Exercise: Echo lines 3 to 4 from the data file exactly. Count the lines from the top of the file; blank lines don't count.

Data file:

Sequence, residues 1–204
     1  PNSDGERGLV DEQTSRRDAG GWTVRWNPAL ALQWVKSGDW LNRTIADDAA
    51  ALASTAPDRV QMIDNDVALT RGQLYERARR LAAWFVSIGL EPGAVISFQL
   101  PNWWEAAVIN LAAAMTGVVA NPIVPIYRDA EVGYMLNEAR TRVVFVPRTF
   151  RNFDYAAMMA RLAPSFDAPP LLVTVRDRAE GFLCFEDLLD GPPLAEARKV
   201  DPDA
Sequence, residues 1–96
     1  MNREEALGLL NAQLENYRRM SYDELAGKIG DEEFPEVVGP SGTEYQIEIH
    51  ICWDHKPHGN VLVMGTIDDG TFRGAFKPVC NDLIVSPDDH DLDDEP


    51  ALASTAPDRV QMIDNDVALT RGQLYERARR LAAWFVSIGL EPGAVISFQL
   101  PNWWEAAVIN LAAAMTGVVA NPIVPIYRDA EVGYMLNEAR TRVVFVPRTF